One of the toughest things about planning for a child with special needs, is trying to calculate the amount of money it’s going to take to provide both while the parents are alive and after the parents pass away.
Kiplinger’s recent article asks “How Much Should Go into Your Special Needs Trust?” The article explains that it’s not uncommon for people to have done some estate planning but not necessarily special needs estate planning. They haven’t thought about how much money they should earmark to fund that trust someday and which assets would be the best to use.
Special needs estate planning involves creating a special needs trust that allows a person with a disability continue to receive certain public benefits. Typically, ownership of assets more than $2,000 would make the individual ineligible for certain public benefits. Assets held in a special needs trust don’t count toward this amount.
A child with special needs can generate multiple expenses. The precise amount will be based on the needs and lifestyle of the family and the child’s capabilities.
When the parents die, this budget must be increased, because the things the parents did must be monetized.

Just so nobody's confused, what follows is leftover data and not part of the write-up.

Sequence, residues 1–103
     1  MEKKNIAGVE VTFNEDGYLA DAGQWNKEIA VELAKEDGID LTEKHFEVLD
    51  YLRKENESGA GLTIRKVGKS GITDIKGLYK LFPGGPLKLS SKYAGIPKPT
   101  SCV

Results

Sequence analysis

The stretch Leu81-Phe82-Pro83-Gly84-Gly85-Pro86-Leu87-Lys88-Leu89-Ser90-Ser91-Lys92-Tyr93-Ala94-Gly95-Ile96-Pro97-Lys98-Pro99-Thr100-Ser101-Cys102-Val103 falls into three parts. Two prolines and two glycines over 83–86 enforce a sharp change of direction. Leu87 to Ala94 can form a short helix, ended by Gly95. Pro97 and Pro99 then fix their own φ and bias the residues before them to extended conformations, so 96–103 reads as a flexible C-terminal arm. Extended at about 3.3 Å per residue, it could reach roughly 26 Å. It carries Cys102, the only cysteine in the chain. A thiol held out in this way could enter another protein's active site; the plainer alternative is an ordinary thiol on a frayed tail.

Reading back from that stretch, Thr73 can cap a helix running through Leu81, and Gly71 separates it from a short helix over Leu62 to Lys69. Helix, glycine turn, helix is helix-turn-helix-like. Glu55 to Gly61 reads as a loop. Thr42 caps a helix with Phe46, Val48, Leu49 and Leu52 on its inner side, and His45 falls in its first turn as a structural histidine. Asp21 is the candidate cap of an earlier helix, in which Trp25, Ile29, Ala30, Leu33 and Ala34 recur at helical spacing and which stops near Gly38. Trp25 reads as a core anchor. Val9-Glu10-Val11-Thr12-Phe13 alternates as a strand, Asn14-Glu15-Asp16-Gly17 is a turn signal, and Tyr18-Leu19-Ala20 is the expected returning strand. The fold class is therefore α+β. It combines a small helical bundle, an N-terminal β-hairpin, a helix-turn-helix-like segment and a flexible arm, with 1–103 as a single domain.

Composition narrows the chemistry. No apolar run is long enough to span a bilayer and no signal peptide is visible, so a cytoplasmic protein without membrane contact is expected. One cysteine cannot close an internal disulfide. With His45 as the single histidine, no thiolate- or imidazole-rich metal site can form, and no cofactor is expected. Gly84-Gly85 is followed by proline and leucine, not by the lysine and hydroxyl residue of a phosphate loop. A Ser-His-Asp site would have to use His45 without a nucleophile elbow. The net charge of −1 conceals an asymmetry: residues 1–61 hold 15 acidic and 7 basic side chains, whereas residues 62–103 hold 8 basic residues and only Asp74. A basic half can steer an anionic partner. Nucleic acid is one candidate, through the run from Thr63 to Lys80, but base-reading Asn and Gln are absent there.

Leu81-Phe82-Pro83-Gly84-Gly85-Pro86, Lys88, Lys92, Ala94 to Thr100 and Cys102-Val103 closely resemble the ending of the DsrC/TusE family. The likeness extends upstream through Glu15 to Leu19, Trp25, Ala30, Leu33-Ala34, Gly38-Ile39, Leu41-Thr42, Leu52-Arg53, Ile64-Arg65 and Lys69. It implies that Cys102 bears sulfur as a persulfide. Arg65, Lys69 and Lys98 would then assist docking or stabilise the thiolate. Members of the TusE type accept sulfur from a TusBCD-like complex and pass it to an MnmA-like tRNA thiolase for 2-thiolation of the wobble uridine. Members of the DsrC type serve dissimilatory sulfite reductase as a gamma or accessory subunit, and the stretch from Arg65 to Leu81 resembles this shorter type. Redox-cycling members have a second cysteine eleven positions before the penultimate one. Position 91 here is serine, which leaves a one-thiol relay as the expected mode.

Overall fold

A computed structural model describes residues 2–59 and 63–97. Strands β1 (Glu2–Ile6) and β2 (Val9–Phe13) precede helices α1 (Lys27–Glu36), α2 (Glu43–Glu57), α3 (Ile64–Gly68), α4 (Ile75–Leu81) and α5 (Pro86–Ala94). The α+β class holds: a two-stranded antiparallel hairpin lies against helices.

A special needs trust usually isn’t funded until the parents’ death. The trust would then need to file a tax return each year and pay taxes.
There are also legal and trust administration expenses to think about. Public program benefits can, in many cases, offset many of the above-mentioned costs.
It’s vital to conduct a complete analysis of the future costs to provide for a child with special needs so that parents can start saving and making adjustments in their planning.
Speak with an elder law or estate planning attorney about special needs trusts.
Reference: Kiplinger (June 10, 2019) “How Much Should Go into Your Special Needs Trust?”
Suggested Key Terms: Special Needs Trust, Medicaid Trust Planning, Disability, Social Security Disability Insurance, Elder Law, Estate Planning Attorney